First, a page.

Default-rich settings. Peachtree protects against errors such as the above because the product is default-rich—that is, the product allows users to establish default settings that address that problem. Here's how it solves the inventory problem:

The novice bookkeeper can't determine the adjustment amount for the lamps. Assume the company currently purchases them for $60 each but had paid just $52 each for 12 lamps that are still on hand. Would the bookkeeper choose to adjust the books using the $52 price, the $60 price or the average price of $56?

In this example, the correct answer is none of the above; the company values inventory using the weighted-average method so the correct adjusting entry would be $57.33 each (4 purchased at $52 and 8 purchased at $60). Peachtree solves this problem by allowing the default setting to specify the weighted-average method.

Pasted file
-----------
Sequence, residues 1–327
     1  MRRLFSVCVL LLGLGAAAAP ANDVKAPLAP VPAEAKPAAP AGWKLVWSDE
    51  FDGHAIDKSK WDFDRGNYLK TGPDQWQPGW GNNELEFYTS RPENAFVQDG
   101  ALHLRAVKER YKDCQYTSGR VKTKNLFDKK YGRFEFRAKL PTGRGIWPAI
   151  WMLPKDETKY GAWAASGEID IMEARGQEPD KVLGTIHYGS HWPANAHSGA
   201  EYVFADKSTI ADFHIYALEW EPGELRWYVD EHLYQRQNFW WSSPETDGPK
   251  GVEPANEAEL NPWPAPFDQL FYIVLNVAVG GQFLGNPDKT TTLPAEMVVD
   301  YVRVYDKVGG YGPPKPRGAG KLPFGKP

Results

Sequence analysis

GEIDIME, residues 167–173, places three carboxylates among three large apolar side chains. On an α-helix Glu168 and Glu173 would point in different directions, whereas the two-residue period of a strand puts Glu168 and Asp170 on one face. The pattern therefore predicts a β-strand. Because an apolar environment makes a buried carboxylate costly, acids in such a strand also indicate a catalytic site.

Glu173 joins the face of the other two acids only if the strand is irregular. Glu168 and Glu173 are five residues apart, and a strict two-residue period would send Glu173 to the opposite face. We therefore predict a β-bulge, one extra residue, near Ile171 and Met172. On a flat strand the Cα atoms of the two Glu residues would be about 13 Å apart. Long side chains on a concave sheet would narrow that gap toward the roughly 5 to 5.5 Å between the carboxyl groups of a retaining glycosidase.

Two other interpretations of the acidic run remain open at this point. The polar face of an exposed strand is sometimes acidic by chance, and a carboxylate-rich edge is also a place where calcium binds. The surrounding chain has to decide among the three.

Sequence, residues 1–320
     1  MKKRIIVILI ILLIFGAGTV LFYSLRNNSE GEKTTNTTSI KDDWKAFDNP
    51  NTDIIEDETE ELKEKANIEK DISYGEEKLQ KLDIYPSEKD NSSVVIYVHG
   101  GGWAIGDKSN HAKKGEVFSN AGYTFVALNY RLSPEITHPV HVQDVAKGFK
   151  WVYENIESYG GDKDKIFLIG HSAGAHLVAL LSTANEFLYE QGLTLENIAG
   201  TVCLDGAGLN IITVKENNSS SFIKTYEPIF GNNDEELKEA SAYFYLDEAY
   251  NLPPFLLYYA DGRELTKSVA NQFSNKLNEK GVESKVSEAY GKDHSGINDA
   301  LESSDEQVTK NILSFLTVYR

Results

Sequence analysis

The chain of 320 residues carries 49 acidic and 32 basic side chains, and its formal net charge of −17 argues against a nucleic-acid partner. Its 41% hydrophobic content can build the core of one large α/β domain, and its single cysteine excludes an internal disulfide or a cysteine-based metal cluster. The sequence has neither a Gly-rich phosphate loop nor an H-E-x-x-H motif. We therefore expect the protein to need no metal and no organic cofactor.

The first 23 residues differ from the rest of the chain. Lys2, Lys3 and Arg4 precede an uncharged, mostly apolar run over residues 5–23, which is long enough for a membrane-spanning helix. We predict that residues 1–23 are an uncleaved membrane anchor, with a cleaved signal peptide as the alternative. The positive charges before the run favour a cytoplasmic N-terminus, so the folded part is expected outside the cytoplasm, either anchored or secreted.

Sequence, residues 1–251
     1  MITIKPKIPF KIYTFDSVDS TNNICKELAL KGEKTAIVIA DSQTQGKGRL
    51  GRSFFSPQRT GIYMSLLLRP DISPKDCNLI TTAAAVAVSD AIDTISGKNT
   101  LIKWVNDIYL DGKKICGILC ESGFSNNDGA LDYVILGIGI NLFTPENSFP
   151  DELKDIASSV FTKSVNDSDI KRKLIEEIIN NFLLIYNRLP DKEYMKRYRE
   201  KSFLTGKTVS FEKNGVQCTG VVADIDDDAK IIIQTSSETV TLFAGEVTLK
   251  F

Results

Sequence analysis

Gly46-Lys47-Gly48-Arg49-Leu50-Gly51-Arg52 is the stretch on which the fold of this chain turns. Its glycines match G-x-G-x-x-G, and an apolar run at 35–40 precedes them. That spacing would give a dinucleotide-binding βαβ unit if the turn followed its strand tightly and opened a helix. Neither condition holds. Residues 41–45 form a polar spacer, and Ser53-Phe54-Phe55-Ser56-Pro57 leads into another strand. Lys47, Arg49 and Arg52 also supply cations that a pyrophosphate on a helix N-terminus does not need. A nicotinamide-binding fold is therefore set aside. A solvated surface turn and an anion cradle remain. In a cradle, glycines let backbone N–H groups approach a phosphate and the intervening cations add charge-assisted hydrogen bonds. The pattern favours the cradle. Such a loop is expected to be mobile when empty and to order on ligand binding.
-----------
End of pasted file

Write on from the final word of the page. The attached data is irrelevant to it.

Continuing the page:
Another example of default-rich settings can be found in Great Plains Dynamics. Setting up one inventory item in Dynamics requires the user to specify 15 different account numbers for each item entered. Even seasoned installers find this a formidable task. However, once the defaults are established, all future posting operations are easy, automatic and essentially error free.

Look and feel. Then there's the look-and-feel factor—that is, how do the screens look to the user and how does the overall operation of the software feel? Is it hard to use the software? Are the screen labels and instructions confusing and complicated? Are the processes intuitive? Are the menus clear?

ACCPAC for Windows has a screen appearance that is easy for anybody to relate to: The screens look like a spiral notebook complete with user tabs. This may appear a bit cute, but the concept works very well for many users who find they are better able to understand the user screens, require less training time and are more comfortable with the software.